Most visitors to Ireland will spend at least two or three days exploring Dublin city, but there is a wealth of history, landscape and culture just waiting to be discovered “beyond the Pale”. In this post we’ll highlight the best to see and do just outside Dublin.
Main Reasons to Visit
Newgrange – Older than the pyramids of Giza and the monument Stonehenge, this site is believed to have been used as a tomb and as part of a sophisticated solar calendar.
Race meetings – Gambling on horses is a popular activity for many in Ireland and Punchestown and the Curragh hold races during the spring and summer.
The Wicklow Way – A 132 kilometre long trail beginning in Dublin and taking in parts of the Wicklow National Park. This is a great route for walkers to see the stunning scenery on Dublin’s doorstep.
Ireland’s Historic Heartland
The counties surrounding Dublin, and particularly County Meath, are rich in the Stone Age, Gaelic, and Norman history of Ireland with monuments and settlements from each of those eras present here. A trip to the Boyne Valley for instance, can incorporate the Battle of the Boyne Visitor Centre (dedicated to the largest land battle in the history of the British Isles), the Neolithic Newgrange and its accompanying sites of Knowth and Dowth, and the Great Hill of Tara, home of the high kings of Ireland.
If you’re planning to travel beyond the Pale (the area around Dublin which was historically under English control), here are the top attractions you need to see.
Newgrange – Built 500 years before the pharaohs of Egypt constructed the pyramids of Giza and a 1,000 before Stonehenge, Newgrange is made up of 250,000 tons of stone and at dawn on the winter solstice, the sun’s light streams directly through a gap above the door, illuminating the central room at the heart of site (providing it’s a clear day, of course).
Glendalough – It’s best to visit this site in the Wicklow Mountains early in the day. The monastery was built by Saint Kevin during the sixth century to escape the hustle and bustle of Dark Ages life. There’s a ruined church and graveyard as well as some fine walks through the forest and along the lakeshore. Check out our daily tours including Kilkenny from €25.00.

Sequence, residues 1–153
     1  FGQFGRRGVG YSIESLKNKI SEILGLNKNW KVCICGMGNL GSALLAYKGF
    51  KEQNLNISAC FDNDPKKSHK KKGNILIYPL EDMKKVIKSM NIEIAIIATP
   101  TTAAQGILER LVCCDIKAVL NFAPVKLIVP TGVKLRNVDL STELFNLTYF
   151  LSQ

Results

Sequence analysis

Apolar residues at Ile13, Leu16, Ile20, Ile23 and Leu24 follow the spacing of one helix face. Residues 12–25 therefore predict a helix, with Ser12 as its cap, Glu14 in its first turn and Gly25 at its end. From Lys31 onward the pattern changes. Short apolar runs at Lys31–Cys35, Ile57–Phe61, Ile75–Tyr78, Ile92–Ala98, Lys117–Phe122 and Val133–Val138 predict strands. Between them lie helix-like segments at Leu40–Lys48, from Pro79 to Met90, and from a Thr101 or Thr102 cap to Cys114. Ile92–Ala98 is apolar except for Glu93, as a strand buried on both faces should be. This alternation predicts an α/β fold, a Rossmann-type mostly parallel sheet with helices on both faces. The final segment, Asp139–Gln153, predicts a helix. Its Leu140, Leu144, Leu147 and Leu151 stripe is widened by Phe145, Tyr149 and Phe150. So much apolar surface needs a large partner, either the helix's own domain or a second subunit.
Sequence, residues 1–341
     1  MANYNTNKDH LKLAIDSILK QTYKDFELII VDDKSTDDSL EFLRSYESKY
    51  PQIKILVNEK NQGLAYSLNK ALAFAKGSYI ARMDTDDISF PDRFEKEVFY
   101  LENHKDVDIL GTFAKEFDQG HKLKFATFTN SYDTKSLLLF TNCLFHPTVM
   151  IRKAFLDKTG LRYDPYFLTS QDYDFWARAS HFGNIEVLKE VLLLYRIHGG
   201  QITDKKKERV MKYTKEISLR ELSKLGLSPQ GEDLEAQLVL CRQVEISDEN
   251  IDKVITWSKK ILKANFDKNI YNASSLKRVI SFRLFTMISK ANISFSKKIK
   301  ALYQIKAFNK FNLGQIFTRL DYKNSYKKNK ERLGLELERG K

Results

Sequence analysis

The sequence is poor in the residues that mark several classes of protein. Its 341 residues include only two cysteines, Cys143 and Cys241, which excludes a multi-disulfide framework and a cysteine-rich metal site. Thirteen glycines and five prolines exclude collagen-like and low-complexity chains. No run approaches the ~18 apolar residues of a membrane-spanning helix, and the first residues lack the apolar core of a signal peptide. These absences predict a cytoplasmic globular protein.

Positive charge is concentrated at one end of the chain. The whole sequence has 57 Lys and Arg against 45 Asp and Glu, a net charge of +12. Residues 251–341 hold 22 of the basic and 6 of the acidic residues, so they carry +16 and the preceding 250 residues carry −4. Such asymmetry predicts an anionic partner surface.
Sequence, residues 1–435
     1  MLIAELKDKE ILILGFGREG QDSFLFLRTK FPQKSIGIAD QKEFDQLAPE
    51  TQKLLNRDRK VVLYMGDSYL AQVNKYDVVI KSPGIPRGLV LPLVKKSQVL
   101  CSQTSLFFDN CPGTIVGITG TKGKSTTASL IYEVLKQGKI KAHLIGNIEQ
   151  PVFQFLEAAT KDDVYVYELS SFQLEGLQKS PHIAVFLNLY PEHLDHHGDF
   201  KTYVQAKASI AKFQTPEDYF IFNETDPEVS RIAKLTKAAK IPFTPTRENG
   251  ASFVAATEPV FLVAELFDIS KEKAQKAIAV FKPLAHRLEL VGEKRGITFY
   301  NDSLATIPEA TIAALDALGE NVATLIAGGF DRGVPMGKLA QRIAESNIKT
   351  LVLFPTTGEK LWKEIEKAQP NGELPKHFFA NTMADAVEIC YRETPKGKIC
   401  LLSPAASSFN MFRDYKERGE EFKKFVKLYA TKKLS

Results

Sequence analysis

Hill of Tara – You may be disappointed when you first visit the Hill of Tara where Saint Patrick challenged the high king and the Gaelic lords of Ireland passed the country’s laws. These days it’s little more than a hill with a small church and some mounds where key buildings once stood but there are great views on offer.
Mellifont Abbey – Mellifont was established in 1142 by Saint Malachy though most of the structures were added sometime later. While much of the abbey is now a ruin, it’s a good place to get a sense of the church’s power and wealth in Medieval Ireland.
Getting to know the counties around Dublin
This part of Ireland was the first to be settled when the Normans arrived and many of the country’s grandest castle and most impressive country homes can be found here alongside the older monasteries and Gaelic ruins and tombs which are older still.
To the north is Meath and Louth, the historic heartlands of Gaelic Ireland while to the south is the Garden of Ireland, County Wicklow, home to the Wicklow Mountains and National Park. The mountain range extends into Dublin where the peaks are called the Dublin Mountains but this is somewhat misleading, nowhere in County Dublin is actually high enough to be classified as a mountain. The hills that make up this part of the range are popular with walkers.